MIAMI -- The Atlantic Basin hurricane season, which officially begins June 1 and runs through Nov. 30, could be a rough one, with stronger and longer-lasting storms in the Caribbean and along the East Coast, government forecasters said.

They predicted an "above average" hurricane season with 11 or more named storms, seven of which will develop into hurricanes -- three of them major.

Beryl, Ernesto blowing in soon? MIAMI -- If your name is Beulah, Georges, Hugo, Inez, Lennie or Marilyn, don't look for it on any tropical storm list.
...Once a storm has caused great damage, the offending name is stricken and replaced. Until 1978, hurricanes were named solely after women. Men's names were added to the Pacific storm lists that year and to Atlantic storm lists in 1979.
...Lists are recycled every six years, unless certain names have been retired. Thus, the 1995 list, minus Luis, Marilyn, Opal and Roxanne, reappears in 2001.
...The 1998 season spawned Georges and Mitch, devastating storms whose infamous names have been stricken from the 2004 list. Look for Gaston and Matthew instead.
...The lineup this year:
...Alberto, Beryl, Chris, Debby, Ernesto, Florence, Gordon, Helene, Isaac, Joyce, Keith, Leslie, Michael, Nadine, Oscar, Patty, Rafael, Sandy, Tony, Valerie and William.

In a major hurricane, maximum sustained winds top more than 110 mph, and are usually accompanied by tidal surges, flooding and heavy roof and foliage damage.

The weather phenomenon called La Nina, which produces cooler than average temperatures in the Pacific, continues to have a significant influence on weather conditions and hurricane forecasts, said D. James Baker, under secretary for oceans and atmosphere at the Department of Commerce.

The 1999 season produced five major hurricanes, including Floyd which produced high winds in the Out Islands of the Bahamas and severe flooding in the Carolinas in September.

This year the remnants of La Nina, as well as warmer than normal Atlantic Ocean temperatures, are conditions that are "ripe for hurricane activity," Baker said.

That is exactly the kind of forecast that concerns officials at the Federal Emergency Management Agency.

James Witt, director, said a recent poll showed a lack of preparedness in communities vulnerable to hurricanes.

"There's still enormous work to be done to help people understand specific steps to safeguard lives, homes and communities," Witt said.

The new poll is part of the National Hurricane Survival Initiative, a first-of-its-kind public service campaign to educate residents along the eastern seaboard and Gulf Coast about hurricane safety.

Another initiative is a workshop sponsored by the Weather Channel and the American Meteorological Society June 6 and 7 in Washington to focus on hurricane preparedness and response policies.

Government representatives, forecasters and industry leaders will examine measures to ensure the dissemination of accurate information.

No one is taking chances this year.

Since building codes in the U.S. Virgin Islands were significantly improved after Hurricane Marilyn in 1995, "the territory has avoided any significant structural damage from hurricanes," according to Rafael Jackson, acting tourism commissioner.

The USVI has a Hurricane Readiness program in conjunction with the Department of Tourism, Virgin Islands Territory Emergency Management Agency, government agencies and hotels.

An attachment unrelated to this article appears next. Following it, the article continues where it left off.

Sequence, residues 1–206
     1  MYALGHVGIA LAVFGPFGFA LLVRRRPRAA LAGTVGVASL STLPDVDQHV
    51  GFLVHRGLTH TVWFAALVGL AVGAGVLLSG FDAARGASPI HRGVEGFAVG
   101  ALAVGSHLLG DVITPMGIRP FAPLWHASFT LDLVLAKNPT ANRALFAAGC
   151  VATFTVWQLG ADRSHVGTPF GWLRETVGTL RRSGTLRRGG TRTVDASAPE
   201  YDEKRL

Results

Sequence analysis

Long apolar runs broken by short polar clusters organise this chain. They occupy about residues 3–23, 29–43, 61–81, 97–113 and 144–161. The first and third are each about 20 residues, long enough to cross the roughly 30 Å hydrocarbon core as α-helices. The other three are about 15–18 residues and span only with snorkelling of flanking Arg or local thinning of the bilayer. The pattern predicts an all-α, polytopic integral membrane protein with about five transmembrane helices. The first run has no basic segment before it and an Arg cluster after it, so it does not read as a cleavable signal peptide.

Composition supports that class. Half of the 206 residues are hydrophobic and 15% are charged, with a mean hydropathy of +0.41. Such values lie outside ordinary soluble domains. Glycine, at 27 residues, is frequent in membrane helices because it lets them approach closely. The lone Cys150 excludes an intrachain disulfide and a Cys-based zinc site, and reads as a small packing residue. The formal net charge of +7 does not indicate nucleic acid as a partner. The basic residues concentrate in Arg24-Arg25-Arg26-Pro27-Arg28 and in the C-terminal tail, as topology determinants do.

"We do take storm threats seriously, but we believe we are as prepared as a destination can be to withstand significant damage if a hurricane hits our islands," Jackson said.

The USVI measures reflect what has taken place on many islands in the hurricane belt.

Puerto Rico's Rapid Response Plan, developed after Hurricane Georges in 1998, is designed to disseminate relevant information to media, travel agents, wholesalers and the public quickly.

In cooperation with the Bahamas Hotel Association, many of the islands' hotels have instituted the Hurricane Hotel Policy, which guarantees refunds to visitors who have to cancel due to a hurricane.

The Bahamas hosted the fourth Weather Conference in Nassau in April for more than 90 broadcast meteorologists from North America.

Topics included tracking Caribbean storms, regional geography, safety procedures and storm reporting.

New measures are in place on St. Maarten, which was battered by Lenny in 1999 and still has properties closed.

These include the designation of safe harbors that can withstand hurricane winds.

When a storm threatens St. Maarten, officials will cut off electricity before the storm reaches the island to insure there will be no live wires if power lines are downed.

David Hernandez, U.S. tourism director for Antigua and Barbuda, said new building codes and evacuation procedures "have strengthened our tourism infrastructure. We have faced quite a few storms in the past few years and we are well prepared."

After Hurricane Gilbert tore through Cancun and Cozumel in 1988, Mexico created a Civil Protection Committee to develop evacuation procedures, according to Ana Mari Irabien, Cancun Convention and Visitors Bureau.

Florida officials have improved the state's disaster response plan as a result of recent damage from both hurricanes and wildfires.

Visit Florida, the state's public-private tourist promotion organization, now coordinates with the Florida Emergency Operations Center to disseminate storm information.

The state's Web site, www.flausa.com, displays a special icon that links to storm-related information.

Henry Magenheim, Kimberly Scholz and Jorge Sidron contributed to this report.

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